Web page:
In Albert Camus’ The Stranger, the Meursault is on trial for murdering an Arabic man in French Algiers. The trial, however, becomes an examination of his personality and his refusal to follow social norms. He is given the death penalty. In Roberto Bolaño’s 2666, a Pakistani cab driver, after a micro aggression, insults a white woman in a polyamorous relationship with two other white men. The two men physically and verbally assault the cab driver until he is almost dead.
The loss in the title does not specifically refer to a death. It refers to a loss of supposed ‘identity’ or ‘pride’ too (and of course whatever else springs to your mind). During the Brexit referendum, we heard a lot about Britain 'taking back control' and restoring the identity it was losing. What identity does Britain have? Is this an island of prosperity and ‘world-beating’ developments? Or is this an island seething with xenophobic violence?
I feel like two United Kingdoms exist presently: one is the fiction of the privileged, the other is the truth. After the murder of George Floyd, the white people of Britain (including me) exclaimed how fortunate we were not to live in America, caught up in our own privileged delusions. We went to BLM protests and now, a few months later, are we really doing anything differently to before? A huge proportion of western classical music is no different; we took the time to find composers of colour and now that we have found perhaps four or five black composers, we have congratulated ourselves, and stopped looking.
People here are disgusted by the treatment of queer people in other countries, yet fail to recognise the rampant homophobia and transphobia of this island. A BBC article launched an attack against trans women, an article featuring a survey of 80 people (laughable even for GCSE Maths standards) and comments from someone who subsequently called for trans people to be lynched. The Times published a letter openly naming, abusing and misgendering a trans father who gave birth. Is this transphobia new? No, these are just a few recent examples. We also can’t forget that an anti-trans hate group, the LGBA, was not only given charity status, but was also at the Tory party conference.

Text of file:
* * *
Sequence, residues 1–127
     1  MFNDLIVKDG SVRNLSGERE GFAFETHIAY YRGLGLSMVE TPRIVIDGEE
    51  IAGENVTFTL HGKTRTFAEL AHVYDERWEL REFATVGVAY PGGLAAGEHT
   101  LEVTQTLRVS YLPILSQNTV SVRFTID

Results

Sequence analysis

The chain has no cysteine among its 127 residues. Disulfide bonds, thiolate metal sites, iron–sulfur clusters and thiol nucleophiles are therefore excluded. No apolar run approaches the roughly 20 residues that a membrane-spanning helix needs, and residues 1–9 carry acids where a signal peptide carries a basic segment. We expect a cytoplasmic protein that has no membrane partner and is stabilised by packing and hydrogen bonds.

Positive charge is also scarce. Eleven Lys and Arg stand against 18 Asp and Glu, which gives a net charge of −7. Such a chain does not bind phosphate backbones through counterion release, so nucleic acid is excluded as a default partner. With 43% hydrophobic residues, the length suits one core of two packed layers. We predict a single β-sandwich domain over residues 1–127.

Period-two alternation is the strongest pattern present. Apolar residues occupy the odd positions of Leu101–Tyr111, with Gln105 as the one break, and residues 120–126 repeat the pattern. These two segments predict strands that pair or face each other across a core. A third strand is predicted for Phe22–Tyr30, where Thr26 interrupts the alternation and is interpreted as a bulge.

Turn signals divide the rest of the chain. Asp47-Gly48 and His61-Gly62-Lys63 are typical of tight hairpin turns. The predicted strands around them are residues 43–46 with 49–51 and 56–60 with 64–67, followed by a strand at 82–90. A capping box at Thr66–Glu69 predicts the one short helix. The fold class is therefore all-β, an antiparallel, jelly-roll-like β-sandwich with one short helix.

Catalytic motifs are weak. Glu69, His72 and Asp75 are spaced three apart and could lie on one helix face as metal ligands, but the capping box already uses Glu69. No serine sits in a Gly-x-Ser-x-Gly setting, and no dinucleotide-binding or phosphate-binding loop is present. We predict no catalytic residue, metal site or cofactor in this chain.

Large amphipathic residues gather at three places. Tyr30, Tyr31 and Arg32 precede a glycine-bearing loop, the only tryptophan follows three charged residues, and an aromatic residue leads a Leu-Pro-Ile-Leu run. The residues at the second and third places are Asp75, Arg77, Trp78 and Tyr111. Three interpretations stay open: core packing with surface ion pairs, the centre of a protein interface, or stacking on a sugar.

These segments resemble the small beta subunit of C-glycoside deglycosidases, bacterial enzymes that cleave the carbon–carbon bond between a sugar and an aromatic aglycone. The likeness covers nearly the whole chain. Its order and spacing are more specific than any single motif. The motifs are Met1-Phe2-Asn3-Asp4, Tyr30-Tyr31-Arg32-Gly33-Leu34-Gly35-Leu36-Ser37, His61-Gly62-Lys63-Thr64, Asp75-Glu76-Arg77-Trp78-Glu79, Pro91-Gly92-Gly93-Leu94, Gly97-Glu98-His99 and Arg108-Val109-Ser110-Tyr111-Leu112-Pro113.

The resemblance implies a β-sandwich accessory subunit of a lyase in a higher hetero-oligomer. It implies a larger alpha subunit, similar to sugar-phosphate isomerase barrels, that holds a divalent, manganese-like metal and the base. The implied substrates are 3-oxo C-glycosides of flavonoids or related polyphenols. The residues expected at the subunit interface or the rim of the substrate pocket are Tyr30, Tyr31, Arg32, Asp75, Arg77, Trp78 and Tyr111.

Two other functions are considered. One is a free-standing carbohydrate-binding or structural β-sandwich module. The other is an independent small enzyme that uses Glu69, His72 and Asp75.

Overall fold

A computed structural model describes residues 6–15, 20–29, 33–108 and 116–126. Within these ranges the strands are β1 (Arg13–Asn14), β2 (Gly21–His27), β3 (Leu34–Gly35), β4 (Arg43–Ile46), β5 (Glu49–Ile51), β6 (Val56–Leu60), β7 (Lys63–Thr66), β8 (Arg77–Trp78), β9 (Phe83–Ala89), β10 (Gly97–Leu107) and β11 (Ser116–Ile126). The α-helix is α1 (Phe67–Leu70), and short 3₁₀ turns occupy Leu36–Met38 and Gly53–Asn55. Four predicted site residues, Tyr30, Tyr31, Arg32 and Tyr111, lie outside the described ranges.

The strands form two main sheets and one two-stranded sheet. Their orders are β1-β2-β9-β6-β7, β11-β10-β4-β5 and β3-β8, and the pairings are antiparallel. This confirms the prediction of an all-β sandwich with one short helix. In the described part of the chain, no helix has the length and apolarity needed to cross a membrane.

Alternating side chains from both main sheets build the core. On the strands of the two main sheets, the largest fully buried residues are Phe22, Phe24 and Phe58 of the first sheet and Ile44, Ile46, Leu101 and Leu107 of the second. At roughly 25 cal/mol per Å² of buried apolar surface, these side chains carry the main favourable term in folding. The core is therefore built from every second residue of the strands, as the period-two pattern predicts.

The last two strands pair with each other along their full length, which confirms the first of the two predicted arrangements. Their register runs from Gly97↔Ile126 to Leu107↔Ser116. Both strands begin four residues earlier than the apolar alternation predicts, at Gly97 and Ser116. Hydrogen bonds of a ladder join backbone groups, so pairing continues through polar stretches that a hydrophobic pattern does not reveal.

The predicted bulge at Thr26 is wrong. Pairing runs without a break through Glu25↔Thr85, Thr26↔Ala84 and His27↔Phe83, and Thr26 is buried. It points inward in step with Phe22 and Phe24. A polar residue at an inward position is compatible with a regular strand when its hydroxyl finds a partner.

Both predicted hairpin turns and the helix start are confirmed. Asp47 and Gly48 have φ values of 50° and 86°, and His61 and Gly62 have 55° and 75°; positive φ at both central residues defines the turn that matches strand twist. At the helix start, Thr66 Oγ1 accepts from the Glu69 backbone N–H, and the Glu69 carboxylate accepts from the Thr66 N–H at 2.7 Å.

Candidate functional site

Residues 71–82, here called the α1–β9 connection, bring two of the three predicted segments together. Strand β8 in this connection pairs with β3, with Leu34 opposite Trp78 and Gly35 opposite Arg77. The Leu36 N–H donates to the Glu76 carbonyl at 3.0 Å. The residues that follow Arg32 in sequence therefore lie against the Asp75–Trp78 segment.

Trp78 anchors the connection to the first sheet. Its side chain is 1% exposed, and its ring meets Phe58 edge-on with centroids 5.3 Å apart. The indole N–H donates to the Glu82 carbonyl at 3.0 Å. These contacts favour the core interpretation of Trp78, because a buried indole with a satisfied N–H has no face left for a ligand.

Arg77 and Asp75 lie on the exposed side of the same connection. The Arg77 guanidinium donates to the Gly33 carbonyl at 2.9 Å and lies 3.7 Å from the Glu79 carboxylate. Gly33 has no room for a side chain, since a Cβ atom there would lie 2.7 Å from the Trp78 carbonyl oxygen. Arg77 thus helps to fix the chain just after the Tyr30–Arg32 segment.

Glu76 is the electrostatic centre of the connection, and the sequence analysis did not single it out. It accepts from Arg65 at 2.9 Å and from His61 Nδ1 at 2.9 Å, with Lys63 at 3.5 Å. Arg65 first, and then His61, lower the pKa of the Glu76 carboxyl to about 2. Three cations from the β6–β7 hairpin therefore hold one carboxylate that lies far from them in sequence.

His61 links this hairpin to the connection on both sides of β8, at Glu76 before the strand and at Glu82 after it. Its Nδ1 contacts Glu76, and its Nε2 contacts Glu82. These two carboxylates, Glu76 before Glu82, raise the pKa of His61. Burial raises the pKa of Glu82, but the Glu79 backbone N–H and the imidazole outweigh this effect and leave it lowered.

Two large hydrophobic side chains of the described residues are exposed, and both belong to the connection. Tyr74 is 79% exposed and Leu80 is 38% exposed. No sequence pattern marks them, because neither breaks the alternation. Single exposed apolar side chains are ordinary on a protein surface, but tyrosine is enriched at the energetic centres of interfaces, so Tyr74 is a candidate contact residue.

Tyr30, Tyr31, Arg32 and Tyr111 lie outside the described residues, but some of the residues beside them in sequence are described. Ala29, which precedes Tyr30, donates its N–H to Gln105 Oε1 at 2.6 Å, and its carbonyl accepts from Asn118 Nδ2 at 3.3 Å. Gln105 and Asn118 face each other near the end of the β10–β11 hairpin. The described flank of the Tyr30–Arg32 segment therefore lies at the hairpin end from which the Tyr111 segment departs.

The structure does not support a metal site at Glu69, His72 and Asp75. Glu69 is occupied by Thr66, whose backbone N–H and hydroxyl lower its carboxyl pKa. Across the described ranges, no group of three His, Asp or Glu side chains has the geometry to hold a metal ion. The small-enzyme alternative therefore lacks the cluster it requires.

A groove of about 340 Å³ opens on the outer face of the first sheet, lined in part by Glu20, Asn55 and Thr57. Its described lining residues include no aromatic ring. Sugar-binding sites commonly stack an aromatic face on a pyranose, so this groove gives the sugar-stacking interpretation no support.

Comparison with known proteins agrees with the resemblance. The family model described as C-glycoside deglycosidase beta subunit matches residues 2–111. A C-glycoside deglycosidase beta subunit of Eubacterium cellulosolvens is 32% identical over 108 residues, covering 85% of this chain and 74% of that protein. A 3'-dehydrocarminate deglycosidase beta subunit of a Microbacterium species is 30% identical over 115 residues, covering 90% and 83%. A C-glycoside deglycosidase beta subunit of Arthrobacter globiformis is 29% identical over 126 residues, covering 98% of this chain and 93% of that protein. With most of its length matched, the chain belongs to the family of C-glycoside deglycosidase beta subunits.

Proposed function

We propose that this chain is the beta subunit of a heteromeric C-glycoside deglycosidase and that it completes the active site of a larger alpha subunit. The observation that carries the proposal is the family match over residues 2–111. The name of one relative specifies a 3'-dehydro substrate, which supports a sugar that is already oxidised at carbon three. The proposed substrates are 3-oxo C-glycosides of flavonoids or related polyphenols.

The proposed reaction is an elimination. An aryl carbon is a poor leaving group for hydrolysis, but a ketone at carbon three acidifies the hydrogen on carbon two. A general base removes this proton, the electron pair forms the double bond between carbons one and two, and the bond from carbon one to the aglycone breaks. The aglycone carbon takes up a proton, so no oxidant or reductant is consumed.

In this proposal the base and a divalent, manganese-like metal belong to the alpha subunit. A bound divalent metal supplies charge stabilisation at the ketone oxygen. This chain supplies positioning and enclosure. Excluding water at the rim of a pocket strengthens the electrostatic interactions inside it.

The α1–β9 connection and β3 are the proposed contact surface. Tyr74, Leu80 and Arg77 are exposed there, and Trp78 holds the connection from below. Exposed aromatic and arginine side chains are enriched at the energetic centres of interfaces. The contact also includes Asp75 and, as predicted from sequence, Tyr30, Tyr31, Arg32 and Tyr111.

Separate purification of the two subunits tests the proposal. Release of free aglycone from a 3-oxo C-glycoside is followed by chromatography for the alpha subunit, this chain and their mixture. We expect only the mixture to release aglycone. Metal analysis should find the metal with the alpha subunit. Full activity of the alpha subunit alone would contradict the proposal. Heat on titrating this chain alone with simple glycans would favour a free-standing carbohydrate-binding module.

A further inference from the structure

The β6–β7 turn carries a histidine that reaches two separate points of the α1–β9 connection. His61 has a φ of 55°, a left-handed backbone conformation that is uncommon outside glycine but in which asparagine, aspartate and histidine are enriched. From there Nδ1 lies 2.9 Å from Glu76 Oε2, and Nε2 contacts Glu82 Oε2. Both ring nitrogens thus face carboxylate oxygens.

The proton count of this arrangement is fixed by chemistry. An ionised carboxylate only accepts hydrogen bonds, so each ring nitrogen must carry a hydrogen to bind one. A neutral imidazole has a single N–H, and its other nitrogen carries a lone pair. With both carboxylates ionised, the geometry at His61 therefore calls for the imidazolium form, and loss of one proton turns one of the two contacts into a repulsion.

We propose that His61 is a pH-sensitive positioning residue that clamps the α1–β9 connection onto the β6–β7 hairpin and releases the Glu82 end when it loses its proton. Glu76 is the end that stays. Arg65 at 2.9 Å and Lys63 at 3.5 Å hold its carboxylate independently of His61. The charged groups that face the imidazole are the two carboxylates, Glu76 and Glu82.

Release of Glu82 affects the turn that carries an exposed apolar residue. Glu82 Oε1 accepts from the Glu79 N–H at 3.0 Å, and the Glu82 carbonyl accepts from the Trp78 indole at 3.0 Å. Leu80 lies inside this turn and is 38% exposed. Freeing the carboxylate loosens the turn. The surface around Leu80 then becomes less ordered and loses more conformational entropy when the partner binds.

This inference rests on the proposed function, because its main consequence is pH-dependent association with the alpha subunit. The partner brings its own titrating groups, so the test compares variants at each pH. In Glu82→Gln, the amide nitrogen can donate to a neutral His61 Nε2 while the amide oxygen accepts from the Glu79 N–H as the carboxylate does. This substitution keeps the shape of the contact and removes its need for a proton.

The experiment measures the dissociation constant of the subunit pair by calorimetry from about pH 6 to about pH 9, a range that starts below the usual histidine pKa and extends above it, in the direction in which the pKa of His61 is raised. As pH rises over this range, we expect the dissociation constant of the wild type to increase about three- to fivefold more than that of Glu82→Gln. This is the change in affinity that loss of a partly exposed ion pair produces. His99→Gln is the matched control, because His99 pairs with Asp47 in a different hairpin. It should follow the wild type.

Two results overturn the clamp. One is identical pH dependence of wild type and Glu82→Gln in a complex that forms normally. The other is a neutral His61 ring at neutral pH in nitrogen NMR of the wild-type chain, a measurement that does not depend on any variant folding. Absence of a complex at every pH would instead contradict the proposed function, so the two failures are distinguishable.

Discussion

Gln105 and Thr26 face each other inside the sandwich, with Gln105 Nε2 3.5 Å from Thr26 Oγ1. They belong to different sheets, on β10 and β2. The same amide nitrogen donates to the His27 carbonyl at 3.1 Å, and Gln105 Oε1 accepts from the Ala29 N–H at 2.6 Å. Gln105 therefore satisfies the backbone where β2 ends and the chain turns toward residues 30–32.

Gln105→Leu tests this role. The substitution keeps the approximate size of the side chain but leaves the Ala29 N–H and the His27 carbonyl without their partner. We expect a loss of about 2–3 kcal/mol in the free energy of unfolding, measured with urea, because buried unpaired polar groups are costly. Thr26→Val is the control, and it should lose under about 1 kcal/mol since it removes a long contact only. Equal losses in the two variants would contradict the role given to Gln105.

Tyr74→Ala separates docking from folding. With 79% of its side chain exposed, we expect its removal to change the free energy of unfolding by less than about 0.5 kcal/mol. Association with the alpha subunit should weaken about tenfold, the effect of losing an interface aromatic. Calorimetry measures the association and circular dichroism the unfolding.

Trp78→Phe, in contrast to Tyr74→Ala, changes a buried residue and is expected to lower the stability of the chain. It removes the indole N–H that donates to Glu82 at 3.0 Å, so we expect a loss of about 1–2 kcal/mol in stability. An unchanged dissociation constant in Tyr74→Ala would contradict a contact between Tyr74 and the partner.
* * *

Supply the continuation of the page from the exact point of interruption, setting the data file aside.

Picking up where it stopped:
The way these real-life examples differ from the fictional is quite simply that Meursault and the cab driver did something wrong (whether or not they deserved the violence is for you to decide) whereas the people in real life simply existed. The similarities lie, however, in the fact that a self-appointed jury deem themselves to be righteous and correct, that they have done the right thing. Am I then, for that matter, any different? Is this piece going to change the world? Is it going to change anything even? Probably not.
The players in this piece are given a pre-answered choice: they can exist truthfully as themselves and be attacked, or they can sacrifice their identity in order to please the community, the jury.
Composer: Ynyr Pritchard
Ynyr Pritchard is a Maltese-Welsh composer and performer based in North Wales. In his music he enjoys taking inspiration from and paraphrasing/re-creating/re-contextualising works of literature, film and sometimes music from the classical cannon to ask the personal and political questions of today. He has studied with Jeffrey Lewis, Larry Goves and Calliope Tsoupaki at the Junior RNCM and the Royal Conservatoire of The Hague. This year, Ynyr was commissioned to write a piece to compliment Annea Lockwood's Piano Drowning as part of international performances of her Piano Transplants. The piece, played by Xenia Pestova Bennett and Ynyr himself, was presented as part of ISSUE Project Room's Benefit Gala celebrating Lockwood in New York. Ynyr is also developing a larger role for theatricality in his music and is developing an aural noir film to be premiered next year.